Why aren't we fans for using them on pickups? First, they're significantly more expensive than fiberglass antennas (2x to 3x more). They're also much more delicate and prone to being damaged and/or damaging your vehicle. While a fiberglass antenna has a bit of give and can work well with a spring, center load antennas have rigid, unforgiving metal lower shafts and brittle plastic housings.
Center load antennas are great for semi trucks that spend 99.9% of their time on the highways, and might work out if you'll never venture off-road or into challenging terrain. But for trucks where the antennas can get caught, snagged and abused, they're often just begging to be broken when mounted on a pickup.
Pickup Radio Recommendations
Pickup trucks offer cab space that other vehicle owners could only dream of, and this opens up the number of radios that can be easily installed / mounted. For most pickups, installing a full-sized, full-featured CB radio is no problem - and that's what many pickup owners do.
There are loads of different radios available, and you may want to check out our complete guide to CB radios to decide which one is right for you. But if we had to recommend just one model for pickups, we'd have to go with the Cobra 29 series of radios.
Cobra 29 Series
These full-size radios are rugged, reliable work horses that work flawlessly in just about any conditions. The base model is the well-known Cobra 29 LTD, but depending on what you need it comes in models featuring backlit displays & weather, hands-free bluetooth phone operations and a snazzy LX model with a futuristic display.
Uniden 510 / 520
While most trucks have ample room to mount a full-sized CB, maybe you're not interested in something so bulky. Perhaps a massive CB is always getting in the way when your lady slides all the way across that bench seat. No contest, there - that full sized radio has to go.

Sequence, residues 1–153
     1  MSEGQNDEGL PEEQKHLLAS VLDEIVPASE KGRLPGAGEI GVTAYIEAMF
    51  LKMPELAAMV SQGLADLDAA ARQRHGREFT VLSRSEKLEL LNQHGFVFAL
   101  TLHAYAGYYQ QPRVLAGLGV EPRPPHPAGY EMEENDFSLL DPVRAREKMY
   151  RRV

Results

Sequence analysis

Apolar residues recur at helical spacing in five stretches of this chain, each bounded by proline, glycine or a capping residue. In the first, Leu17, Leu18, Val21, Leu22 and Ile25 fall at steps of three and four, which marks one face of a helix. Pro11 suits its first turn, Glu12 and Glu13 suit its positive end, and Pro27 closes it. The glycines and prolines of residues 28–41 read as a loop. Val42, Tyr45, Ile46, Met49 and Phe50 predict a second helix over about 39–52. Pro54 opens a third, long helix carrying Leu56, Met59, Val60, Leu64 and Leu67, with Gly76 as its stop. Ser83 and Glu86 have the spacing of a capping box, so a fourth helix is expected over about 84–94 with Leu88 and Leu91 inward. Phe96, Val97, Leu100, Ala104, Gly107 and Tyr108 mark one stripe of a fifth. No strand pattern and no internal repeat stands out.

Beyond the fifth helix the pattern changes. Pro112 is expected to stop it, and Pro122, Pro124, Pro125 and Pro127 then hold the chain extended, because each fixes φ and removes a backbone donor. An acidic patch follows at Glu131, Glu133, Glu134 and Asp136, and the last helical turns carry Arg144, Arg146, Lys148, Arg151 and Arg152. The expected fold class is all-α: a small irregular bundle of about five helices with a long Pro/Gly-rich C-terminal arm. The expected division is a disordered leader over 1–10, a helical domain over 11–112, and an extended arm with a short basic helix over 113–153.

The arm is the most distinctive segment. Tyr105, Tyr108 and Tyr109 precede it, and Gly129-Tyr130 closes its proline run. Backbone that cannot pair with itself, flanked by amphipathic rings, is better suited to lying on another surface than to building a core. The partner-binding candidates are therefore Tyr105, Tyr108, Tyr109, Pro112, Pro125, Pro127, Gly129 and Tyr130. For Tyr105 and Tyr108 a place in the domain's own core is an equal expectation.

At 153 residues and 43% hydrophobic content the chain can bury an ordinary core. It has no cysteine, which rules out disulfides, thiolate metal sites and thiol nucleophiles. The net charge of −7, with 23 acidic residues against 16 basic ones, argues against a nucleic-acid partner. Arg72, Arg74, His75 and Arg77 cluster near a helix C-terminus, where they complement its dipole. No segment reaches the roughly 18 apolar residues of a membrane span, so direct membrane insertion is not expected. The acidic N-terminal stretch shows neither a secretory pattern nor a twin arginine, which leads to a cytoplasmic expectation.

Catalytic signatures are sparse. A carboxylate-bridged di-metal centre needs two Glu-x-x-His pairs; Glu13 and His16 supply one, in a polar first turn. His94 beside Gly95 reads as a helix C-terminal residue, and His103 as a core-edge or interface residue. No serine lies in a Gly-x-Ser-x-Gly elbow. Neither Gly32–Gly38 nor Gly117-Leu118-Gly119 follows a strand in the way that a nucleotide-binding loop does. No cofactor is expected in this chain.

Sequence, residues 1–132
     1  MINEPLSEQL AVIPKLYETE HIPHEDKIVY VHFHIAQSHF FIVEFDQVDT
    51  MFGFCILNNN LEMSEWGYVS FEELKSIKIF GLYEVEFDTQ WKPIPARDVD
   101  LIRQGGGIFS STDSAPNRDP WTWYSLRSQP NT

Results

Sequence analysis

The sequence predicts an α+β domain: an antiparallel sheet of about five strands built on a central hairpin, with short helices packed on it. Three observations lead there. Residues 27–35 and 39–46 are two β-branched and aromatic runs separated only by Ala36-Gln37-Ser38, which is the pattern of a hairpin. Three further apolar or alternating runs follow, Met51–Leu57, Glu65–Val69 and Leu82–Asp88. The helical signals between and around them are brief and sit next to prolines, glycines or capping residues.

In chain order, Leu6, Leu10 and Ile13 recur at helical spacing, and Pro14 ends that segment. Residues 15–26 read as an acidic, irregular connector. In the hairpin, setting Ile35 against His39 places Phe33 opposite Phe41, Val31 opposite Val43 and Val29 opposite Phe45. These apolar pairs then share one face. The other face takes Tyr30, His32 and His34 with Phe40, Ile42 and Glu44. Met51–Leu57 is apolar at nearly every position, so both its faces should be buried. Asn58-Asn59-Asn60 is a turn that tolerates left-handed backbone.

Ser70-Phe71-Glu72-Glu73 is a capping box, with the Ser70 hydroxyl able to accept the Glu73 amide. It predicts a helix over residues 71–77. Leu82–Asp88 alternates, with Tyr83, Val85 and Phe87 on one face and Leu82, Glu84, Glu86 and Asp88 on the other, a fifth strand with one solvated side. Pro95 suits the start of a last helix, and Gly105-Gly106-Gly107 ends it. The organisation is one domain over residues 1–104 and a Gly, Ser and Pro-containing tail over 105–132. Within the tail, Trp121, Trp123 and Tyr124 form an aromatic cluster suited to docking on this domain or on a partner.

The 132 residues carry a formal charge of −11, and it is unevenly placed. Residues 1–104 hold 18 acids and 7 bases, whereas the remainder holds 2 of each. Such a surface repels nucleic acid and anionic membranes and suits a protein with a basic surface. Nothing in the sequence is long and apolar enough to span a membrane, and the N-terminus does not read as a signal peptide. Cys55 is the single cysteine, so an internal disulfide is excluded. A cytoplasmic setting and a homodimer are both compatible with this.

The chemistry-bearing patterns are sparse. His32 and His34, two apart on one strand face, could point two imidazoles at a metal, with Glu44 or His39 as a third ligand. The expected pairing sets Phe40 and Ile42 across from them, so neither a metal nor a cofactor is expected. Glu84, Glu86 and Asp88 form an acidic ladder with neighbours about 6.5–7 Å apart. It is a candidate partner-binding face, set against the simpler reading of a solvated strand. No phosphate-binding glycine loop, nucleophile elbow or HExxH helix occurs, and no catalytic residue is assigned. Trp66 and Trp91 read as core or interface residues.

For something smaller, look no further than the Uniden 510. It's a no-frills CB in a tiny package - but it's bombproof. You could drive over washboard roads day and night for a year, and you still wouldn't get this unit to stop working.
It's small size makes it easy to mount anywhere, and it's priced significantly lower than a full-sized radio like the Cobra 29. The Uniden 520 is just like its little brother the 510, but offers PA (public address) as a feature if that's important to you.
SSB (Single Side Band) Radios
Another great option if you're looking for maximum range is a SSB-equipped radio. SSB is a feature that lets you talk at 3x the power of traditional CB radios, as long as you're communicating with other SSB operators. SSB radios also will operate on the standard CB channels, too, at regular power.
The Cobra 148 GTL is the most popular and trusted SSB radio on the market. Just like the Cobra 29 series, it's a proven, reliable model that will offer decades of reliable, no-frills performance.
Mounting a CB in Your Pickup
All CB radios come with a U-shaped mounting bracket, which opens up a number of different possibilities for mounting.
The most popular place to mount a radio in pickups is on the floor or under the dash between the driver and passenger seat. It's usually fairly easy to mount here - either by securing the mounting bracket to the floor or to the lower dash assembly - and is out of the way.
Other options include mounting on top of the dash or even mounted to the roof / headliner. But the obvious drilling marks these options require make them less popular.
Equipment Recommendation Summary
Now that you're an expert on pickup CB installations, it's time to find the perfect gear for your rig. Use the following links to get started putting together the perfect package for your truck:
Top Radio Recommendations
Cobra 148 GTL (with SSB, for longer range)
- Top Antenna Recommendations
- Other Mount Recommendations